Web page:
Creating an effective system of trading in securities of small and medium-sized enterprises may be a milestone in the development of modern technologies. It is currently one of the biggest problems that dynamically developing companies from the fintech sector have to deal with.
Investments in technology startups are very risky. However, if successful, the rates of return can be in the thousands of percent. Unfortunately, the lack of financial success of the venture is not the only risk that the investor has to take into account. One very serious potential problem is that, unlike publicly traded companies, shares in tech startups have a fairly low degree of liquidity. In other words, they cannot be sold quickly if necessary. Such a transaction usually requires finding an investor who believes in the financial success of the venture and has a vision of its development.
It would certainly be easier for startups to raise funds for development if there were institutions modeled on traditional stock exchanges, dealing with trading the shares of smaller companies. The existence of such a market would significantly reduce the risk of investment. The Advisory Committee for Small and Medium Enterprises of the American Securities and Exchange Commission (SEC), already in 2013 issued a recommendation to create regional institutions dealing with trading in such securities.
World exchanges are trying to solve the problem by creating alternative trading floors, such as Warsaw’s NewConnect or London’s AIM. However, they have consistently failed to remove very high entry barriers for issuers, and often fail to address the low liquidity problem either. There are opinions that alternative markets have advantages rather than advantages in trading on and off the stock exchange.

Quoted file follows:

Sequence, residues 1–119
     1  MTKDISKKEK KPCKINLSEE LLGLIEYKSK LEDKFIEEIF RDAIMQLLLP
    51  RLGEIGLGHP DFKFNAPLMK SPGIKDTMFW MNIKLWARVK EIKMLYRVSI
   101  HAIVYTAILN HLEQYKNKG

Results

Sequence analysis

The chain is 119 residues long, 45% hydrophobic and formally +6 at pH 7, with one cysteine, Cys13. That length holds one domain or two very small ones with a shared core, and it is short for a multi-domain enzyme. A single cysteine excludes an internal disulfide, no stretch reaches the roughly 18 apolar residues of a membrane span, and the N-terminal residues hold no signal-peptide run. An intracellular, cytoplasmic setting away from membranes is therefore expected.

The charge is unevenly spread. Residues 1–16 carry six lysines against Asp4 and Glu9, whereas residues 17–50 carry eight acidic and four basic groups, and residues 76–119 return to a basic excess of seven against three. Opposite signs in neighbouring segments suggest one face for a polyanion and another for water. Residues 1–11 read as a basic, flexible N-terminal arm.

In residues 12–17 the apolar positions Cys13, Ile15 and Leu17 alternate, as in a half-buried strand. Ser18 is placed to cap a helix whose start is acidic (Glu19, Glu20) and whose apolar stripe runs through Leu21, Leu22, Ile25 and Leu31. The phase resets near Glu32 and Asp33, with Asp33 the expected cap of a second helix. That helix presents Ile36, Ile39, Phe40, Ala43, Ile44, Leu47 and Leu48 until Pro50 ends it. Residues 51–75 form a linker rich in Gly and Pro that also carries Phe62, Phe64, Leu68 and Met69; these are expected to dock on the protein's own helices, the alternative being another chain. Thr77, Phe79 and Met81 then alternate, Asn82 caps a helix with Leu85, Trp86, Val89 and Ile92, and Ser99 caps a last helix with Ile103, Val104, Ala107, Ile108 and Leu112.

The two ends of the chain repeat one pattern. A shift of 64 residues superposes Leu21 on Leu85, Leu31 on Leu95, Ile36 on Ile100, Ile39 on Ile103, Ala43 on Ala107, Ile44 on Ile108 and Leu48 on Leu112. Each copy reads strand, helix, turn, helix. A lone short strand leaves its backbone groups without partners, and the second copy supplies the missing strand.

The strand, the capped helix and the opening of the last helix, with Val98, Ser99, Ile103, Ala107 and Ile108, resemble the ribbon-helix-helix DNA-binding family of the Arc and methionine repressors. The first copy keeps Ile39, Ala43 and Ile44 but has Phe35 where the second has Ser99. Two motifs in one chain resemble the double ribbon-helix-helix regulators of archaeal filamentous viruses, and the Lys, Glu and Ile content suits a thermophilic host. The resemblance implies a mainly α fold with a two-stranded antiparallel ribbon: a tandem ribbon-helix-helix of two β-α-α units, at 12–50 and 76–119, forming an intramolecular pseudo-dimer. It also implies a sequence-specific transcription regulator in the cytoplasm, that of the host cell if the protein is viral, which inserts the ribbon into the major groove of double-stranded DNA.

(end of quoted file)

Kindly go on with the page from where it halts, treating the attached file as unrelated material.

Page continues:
Slightly better solutions have been developed in several countries. For example, in New Zealand, the alternative NZX market, which had problems with low turnover and low liquidity, was replaced by the new NXT market, which specializes in trading securities issued by small and medium-sized enterprises. A similar market has been created in South Korea. KRX Startup Market, created by The Korea Exchange, specializes in trading the shares of enterprises that have raised capital for development through crowdfunding.
It seems that the optimal solution to the problem would be to allow crowdfunding platforms to deal with secondary trading. Also such a solution is already in use in New Zealand. A market called “Unlisted” has been established there, where the secondary trading of securities takes place through the crowdfunding platform Crowdsphere. However, such a solution would require the creation of appropriate regulations.
Keep in mind that securities issued by small and medium-sized enterprises will always be associated with high risk. They are also prone to price manipulations according to the pump and dump scheme. This is one of the reasons why historically many attempts to create small business stock markets have failed. This situation is a serious regulatory challenge. However, changes in the structure of the world economy, the deconcentration of many key markets as well as the increasing share of small and medium-sized enterprises in creating global GDP make it worth taking the risk of reforming and decentralizing the securities trading markets.